Off The Line: 2017 Honda CRF250L Rally
In a world
filled with dreams of big adventures, it just might be a wee sized
dual sport that could turn those hopes and desires into reality.
Hot on the heels of Honda's new big ADV bike, the CRF1000L Africa
Twin, big red has dropped yet another steed into the on/off road
motorcycle realm with the introduction of its
CRF250L Rally. In its extremely short life-span, the Africa
Twin has garnered plenty of attention and praise from the media and
adventure bike fans. However, with nearly 100 horsepower, weighing
more than 450 pounds, and a $13k-plus price tag, the large charger
can be quite intimidating for many and more bike than most people
want, which is exactly why Honda brought out the CRF250L Rally.
While the CRF250L Rally is a completely new machine, you might look at it and see hints of familiarity, that's because the bike is based on the CRF250L with key elements derived from team HRC's CRF450 Rally they've raced in Dakar. You may also notice that some inspiration was pulled from the biggest of the CRF siblings, the 1000cc Africa Twin.
Lightweight, easy to maneuver, and extremely rider friendly, Honda designed the CRF250L Rally to inspire confidence in situations and terrain that beginner and even some more advanced riders may typically feel uncomfortable with. The Rally edition features the same frame and engine as the standard 250L. In fact, for 2017 Honda improved the performance of the standard 250L's engine by increasing the throttle body from 36 to 38mm, redesigning the breathing system, creating a new muffler and larger head pipe, and adding a new brain (ECU) to control the EFI. The engine changes were done to increase low and mid-range power while also improving throttle response, all of which the Rally edition benefited from as well. Transferring power from the engine to the rear wheel is a six speed transmission that makes for more relaxed long distance highway cruising.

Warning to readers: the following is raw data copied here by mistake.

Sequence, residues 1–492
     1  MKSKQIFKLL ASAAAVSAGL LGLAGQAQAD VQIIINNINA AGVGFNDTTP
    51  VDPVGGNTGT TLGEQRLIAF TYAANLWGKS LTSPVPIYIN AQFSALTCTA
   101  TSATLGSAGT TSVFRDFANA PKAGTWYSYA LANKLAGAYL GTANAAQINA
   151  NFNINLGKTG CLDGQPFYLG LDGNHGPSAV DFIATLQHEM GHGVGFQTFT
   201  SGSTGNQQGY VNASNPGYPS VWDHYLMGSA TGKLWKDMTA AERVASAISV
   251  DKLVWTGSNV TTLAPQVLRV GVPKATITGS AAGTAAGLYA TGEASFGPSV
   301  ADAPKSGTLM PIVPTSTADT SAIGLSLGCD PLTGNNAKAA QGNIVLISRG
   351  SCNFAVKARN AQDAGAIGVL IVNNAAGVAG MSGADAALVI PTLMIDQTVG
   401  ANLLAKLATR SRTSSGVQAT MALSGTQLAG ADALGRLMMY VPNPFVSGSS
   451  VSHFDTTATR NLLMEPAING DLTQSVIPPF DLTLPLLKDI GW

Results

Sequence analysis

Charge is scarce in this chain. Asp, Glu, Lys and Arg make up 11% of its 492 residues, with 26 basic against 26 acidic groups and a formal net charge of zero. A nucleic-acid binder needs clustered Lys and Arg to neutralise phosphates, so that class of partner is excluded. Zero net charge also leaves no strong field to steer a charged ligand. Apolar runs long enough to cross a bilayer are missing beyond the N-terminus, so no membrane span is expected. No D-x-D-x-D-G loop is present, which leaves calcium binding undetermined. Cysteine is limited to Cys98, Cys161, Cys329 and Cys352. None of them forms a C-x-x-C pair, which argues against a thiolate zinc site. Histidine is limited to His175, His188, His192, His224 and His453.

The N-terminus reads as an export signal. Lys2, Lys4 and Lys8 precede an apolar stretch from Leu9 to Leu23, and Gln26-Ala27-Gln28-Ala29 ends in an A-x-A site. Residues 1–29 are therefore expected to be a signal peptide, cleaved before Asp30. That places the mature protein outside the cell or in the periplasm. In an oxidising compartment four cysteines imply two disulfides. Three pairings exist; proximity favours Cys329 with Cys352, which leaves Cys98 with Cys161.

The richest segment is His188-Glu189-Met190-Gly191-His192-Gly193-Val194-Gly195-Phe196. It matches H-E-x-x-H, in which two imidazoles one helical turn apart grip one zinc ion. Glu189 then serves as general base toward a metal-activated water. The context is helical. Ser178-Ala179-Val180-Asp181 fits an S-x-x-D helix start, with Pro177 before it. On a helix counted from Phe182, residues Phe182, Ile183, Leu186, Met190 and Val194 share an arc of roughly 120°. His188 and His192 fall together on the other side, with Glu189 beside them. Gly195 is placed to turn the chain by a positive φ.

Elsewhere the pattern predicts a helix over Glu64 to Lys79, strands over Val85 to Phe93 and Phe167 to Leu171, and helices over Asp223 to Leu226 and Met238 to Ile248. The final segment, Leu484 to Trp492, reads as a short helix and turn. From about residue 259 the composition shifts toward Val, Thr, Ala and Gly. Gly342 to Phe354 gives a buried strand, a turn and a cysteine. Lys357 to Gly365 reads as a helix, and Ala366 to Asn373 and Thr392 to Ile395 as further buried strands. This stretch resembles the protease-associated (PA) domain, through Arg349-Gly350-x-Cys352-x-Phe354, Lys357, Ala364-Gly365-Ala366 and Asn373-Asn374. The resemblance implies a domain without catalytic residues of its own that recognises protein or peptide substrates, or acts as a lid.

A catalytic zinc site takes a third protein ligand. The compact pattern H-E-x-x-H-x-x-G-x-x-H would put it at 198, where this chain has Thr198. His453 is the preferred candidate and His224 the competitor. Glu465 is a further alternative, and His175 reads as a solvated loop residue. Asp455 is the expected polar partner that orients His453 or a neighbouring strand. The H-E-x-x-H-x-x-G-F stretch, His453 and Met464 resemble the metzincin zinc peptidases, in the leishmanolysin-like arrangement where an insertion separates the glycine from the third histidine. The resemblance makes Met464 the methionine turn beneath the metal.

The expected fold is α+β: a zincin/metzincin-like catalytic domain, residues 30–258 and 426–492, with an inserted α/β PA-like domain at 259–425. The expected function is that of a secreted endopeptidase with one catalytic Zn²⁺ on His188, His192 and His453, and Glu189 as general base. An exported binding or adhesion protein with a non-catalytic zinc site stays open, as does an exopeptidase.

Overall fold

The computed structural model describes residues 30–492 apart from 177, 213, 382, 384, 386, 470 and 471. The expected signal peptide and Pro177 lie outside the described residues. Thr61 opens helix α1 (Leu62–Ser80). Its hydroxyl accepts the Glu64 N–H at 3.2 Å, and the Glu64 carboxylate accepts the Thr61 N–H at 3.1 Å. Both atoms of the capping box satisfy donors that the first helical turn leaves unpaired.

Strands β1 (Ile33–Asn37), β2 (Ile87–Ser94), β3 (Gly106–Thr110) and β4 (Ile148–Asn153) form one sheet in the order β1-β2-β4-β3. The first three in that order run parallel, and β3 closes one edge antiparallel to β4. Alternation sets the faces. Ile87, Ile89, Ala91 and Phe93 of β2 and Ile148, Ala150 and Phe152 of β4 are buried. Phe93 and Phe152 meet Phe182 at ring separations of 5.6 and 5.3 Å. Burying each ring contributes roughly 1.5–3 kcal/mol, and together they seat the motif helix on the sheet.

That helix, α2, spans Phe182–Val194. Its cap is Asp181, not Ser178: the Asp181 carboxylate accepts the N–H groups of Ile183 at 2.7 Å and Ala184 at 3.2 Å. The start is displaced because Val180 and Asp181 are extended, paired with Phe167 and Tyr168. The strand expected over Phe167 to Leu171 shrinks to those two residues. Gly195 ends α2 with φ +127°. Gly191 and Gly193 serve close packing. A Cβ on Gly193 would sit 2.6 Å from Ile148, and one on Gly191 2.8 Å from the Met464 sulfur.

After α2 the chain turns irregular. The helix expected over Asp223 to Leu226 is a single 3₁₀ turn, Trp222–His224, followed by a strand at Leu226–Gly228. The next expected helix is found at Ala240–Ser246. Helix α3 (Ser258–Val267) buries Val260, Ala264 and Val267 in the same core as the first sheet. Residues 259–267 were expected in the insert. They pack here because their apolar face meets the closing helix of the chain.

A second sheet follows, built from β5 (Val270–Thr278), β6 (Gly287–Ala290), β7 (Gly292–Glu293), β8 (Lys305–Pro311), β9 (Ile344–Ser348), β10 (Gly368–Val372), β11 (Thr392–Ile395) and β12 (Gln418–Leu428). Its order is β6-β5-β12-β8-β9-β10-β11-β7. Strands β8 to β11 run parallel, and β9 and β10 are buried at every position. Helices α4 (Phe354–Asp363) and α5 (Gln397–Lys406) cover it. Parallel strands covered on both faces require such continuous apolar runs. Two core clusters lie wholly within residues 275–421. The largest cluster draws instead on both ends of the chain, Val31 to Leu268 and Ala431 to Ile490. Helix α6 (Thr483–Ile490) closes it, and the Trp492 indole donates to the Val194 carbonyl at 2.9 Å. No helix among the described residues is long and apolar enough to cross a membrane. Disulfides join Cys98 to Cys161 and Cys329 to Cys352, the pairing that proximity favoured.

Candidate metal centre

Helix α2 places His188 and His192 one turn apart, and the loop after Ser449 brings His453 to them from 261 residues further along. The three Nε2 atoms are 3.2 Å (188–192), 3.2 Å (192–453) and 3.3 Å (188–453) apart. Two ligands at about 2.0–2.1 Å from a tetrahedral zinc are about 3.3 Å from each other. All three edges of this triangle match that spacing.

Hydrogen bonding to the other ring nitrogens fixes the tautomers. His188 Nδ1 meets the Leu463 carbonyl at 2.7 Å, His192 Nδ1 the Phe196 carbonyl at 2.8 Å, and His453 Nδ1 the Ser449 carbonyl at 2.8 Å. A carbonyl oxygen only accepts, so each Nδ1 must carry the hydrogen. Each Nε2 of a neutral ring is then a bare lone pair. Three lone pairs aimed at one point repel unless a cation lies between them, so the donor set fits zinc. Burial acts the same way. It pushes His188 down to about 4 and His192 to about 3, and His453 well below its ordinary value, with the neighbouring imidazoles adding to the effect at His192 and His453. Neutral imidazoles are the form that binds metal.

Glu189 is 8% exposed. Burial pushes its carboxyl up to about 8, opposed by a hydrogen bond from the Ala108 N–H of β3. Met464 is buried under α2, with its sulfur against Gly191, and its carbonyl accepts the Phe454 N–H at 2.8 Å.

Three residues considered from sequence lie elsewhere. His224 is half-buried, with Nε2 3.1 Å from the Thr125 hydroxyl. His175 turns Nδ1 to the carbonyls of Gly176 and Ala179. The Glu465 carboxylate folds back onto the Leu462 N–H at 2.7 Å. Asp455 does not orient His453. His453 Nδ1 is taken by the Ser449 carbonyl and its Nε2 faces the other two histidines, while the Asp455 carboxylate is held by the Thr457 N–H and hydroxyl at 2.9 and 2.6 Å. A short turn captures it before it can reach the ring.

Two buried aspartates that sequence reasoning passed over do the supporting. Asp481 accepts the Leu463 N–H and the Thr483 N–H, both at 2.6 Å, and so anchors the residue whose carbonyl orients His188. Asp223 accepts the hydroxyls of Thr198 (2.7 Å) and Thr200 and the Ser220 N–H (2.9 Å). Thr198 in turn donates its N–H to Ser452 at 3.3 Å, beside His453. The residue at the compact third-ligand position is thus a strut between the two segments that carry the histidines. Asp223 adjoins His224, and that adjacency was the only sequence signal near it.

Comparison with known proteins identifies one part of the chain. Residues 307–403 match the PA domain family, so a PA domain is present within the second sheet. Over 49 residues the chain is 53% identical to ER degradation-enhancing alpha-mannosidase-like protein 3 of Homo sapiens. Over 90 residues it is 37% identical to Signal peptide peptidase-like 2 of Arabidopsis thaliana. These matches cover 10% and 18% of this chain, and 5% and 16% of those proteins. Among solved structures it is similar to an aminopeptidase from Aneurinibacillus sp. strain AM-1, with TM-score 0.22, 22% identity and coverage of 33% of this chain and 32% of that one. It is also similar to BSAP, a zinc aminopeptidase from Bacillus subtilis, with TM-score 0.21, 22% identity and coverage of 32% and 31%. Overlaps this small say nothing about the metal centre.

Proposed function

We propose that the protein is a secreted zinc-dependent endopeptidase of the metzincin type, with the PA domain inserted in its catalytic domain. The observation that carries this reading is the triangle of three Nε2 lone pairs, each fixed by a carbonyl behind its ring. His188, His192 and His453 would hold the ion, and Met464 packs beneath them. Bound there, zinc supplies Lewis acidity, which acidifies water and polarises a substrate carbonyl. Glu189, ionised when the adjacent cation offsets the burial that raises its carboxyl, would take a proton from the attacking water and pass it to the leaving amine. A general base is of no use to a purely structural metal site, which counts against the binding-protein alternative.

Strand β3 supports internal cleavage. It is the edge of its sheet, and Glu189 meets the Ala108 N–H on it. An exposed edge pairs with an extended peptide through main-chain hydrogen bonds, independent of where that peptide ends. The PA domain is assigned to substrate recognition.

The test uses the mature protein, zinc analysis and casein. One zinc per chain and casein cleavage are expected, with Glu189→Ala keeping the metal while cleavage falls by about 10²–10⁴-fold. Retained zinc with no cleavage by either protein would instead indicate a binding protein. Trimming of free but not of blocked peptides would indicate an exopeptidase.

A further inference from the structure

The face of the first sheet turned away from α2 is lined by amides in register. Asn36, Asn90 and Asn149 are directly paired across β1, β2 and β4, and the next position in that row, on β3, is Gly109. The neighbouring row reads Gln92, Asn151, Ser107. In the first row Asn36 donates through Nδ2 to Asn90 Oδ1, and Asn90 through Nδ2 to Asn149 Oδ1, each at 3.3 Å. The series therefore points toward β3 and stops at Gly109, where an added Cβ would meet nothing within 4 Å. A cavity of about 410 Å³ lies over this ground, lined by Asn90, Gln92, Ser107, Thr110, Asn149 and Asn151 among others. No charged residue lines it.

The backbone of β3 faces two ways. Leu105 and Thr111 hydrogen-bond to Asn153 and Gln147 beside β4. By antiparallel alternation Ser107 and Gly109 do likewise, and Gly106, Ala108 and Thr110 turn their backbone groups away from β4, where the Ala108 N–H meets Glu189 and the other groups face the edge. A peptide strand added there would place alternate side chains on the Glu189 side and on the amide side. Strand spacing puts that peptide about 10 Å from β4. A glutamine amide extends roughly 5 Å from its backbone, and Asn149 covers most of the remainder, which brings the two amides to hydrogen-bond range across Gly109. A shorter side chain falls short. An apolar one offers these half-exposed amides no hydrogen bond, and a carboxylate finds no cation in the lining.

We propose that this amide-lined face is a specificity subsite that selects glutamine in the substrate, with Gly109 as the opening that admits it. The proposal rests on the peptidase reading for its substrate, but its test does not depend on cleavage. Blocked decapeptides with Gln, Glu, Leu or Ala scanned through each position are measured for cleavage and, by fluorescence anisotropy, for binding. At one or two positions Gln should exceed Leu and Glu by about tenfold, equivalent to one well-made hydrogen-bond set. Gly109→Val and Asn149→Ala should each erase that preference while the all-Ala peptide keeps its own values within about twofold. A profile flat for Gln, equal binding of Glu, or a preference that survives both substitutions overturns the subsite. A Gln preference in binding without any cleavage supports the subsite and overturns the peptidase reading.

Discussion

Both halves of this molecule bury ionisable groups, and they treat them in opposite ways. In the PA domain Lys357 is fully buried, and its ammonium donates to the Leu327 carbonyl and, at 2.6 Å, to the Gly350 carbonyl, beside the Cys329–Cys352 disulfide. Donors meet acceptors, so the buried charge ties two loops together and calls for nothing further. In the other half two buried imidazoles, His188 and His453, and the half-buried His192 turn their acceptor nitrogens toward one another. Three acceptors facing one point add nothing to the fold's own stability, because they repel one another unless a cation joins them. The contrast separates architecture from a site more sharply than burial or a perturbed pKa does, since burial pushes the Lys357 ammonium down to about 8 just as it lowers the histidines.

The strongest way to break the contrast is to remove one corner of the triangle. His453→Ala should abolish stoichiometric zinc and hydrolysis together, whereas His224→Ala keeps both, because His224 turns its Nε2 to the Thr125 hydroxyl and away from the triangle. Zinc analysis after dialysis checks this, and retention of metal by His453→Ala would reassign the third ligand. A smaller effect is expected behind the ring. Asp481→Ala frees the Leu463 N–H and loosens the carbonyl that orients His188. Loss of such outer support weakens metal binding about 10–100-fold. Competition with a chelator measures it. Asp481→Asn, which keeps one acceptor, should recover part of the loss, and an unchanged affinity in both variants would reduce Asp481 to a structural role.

[caption id="attachment_63867" align="alignright" width="300"] A 2.66 gallon (including 0.42 gallon reserve) fuel tank helps deliver a range of more than 198 miles, while a small storage compartment on the left side provides a place to hideaway some tools to help with road side repairs.[/caption]
Speaking of highway cruising, the Rally features a larger fuel tank that holds 2.7 gallons as opposed to the 2.1 gallon capacity found on the standard 250L. Braking performance has also been improved with a 40mm larger front rotor measuring 296mm. To better handle offroad situations the Rally sports more aggrieve knobby tires as compared to the regular 250L.
The Rally literally stands apart from its standard brother with more suspension travel, a longer wheel base, taller seat height, and more ground clearance. Bumps up front are tackled by a 43mm inverted front end that offers 11 inches of travel and a Pro-Link single shock with over spring the delivers 10.3 inches travel. A taller seat height my sound off putting to those of shorter stature or nervous beginners, however at 35.2 inches the 341 pound machine isn't too overbearing to handle or manage in precarious situations. It is these changes to the stance however that make the Rally a more worthy tool for offroad excursions enabling the rider to climb and clear large obstacles more easily.
[caption id="attachment_63864" align="alignright" width="300"] The asymmetrical headlights kind of give the bike a wonky personality up front but the LED headlights and turn signals offer bright illumination with low power consumption.[/caption]
Aesthetically, the Rally is strikingly different from the L model with a much more aerodynamic and sporty appearance thanks to smooth flowing lines in the body work that borrows from both the HRC CRF450 Rally and the Africa Twin. Up front a compact floating windscreen/fairing is just tall enough to help block wind, rain, and road debris for most average size riders. Behind the screen is a pair of slightly offset LED headlights and direct above them is a digital info center. Below the windscreen sits a pair of radiator shrouds that flank the sharp beak of the front fender. Handguards offer protection for the rider's hands up top while a skid plate mounted to the underside of the bottom of the frame helps keep rocks and other destructive objects from wreaking havoc on the engine.
It might not be the most potent of the ADV/dual sport crowd but with its $5,899 MSRP (an ABS model is also available for $6,199) and its go anywhere attitude, this mighty machine will help you live your wildest motorcycle dreams without giving you nightmares about your bank account.